New method makes spatial organization of DNA visible at high resolution
Whether a cell develops into a liver-, skin-, or nerve cell is controlled by the genes in our DNA. Their activity is regulated extremely precisely. How the DNA folds in the cell nucleus plays an important role in this regulation. Researchers in Göttingen have now developed a new method that allows to investigate the spatial organization of DNA at very high resolution. With this technique, they can study the regulation of DNA and its activity in more detail than was previously possible. Ultimately, this can contribute to a better understanding of the genetic underpinnings of human diseases.
Our body consists of hundreds of different cell types that perform very different tasks: They fight pathogens, make our muscles work, or contract our heart rhythmically. Yet, they all contain the same blueprint, which is encoded in the genes in our DNA. Cells become specialists by activating only those genes that are needed for their respective function. How this process, called gene expression, takes place is an intensively researched field with many unanswered questions.
The DNA of a single human cell, stretched to its full length, would be about two meters long and contains several billion individual DNA base pairs. In order to fit into the tiny cell nucleus, it must fold into specific three-dimensional structures. “Genome folding not only makes the DNA more compact, but also influences whether genes in the DNA can be activated at all,” says Marieke Oudelaar, who heads the Lise Meitner Group Genome Organization and Regulation at the institute. Her team has now achieved a methodological breakthrough: making the spatial organization of DNA regions visible with a resolution of up to 20 base pairs.
“We already know that genes are activated or inhibited very precisely as needed, through different mechanisms. For example, there are certain DNA segments called promoters and enhancers that enable the regulated expression of a gene,” explains Abrar Aljahani, a PhD student in Oudelaar's team and first author of the paper now published in the journal Nature Communications.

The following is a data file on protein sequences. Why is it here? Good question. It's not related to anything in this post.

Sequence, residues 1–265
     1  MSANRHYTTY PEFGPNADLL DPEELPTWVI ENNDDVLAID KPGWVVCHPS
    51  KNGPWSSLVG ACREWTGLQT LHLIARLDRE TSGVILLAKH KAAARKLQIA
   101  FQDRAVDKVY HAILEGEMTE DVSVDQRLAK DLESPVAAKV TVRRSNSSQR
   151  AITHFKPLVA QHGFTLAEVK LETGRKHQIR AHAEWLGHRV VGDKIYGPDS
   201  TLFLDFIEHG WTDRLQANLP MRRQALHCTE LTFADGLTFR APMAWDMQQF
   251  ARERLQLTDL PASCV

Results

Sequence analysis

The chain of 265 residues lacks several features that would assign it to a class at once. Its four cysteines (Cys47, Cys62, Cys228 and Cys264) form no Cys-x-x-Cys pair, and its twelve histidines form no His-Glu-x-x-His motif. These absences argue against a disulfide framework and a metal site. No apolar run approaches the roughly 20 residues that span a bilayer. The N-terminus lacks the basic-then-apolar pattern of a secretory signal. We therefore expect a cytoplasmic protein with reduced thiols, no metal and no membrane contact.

3D DNA structures at very high resolution
Gene promoters are bound by regulatory proteins, which can amplify and switch off expression. Upon contact with protein-bound promoters, enhancers cause a gene to be activated more strongly. However, enhancer and promoter regions can be hundreds of thousands of base pairs apart from each other on a DNA strand. So how does this work? To bring the enhancer close to its promotor, the DNA strand forms loops with the help of architectural proteins. If the contacts between promoters and enhancers are disrupted, diseases such as cancer can result. “Our technique makes it possible to visualize the 3D DNA structures in which promoters and enhancers interact at extremely high resolution. This gives us an important tool to study how disrupted contacts between these DNA segments affect gene expression,” Oudelaar reports.
Oudelaar's team has already successfully used the method to investigate the mechanisms that regulate DNA folding and gene activation. By selectively removing architectural proteins the scientists could precisely map how loss of these proteins disrupts the specific 3D interactions between promoters and enhancers. As a result, gene expression levels were lower and less precisely regulated. “We can now use the method to further decipher the fundamental principles underlying gene regulation. In the future, we hope that we can also use the technique to map how genetic variation and mutations in human individuals influence the organization and regulation of our DNA,” the research group leader says. (cr/mo)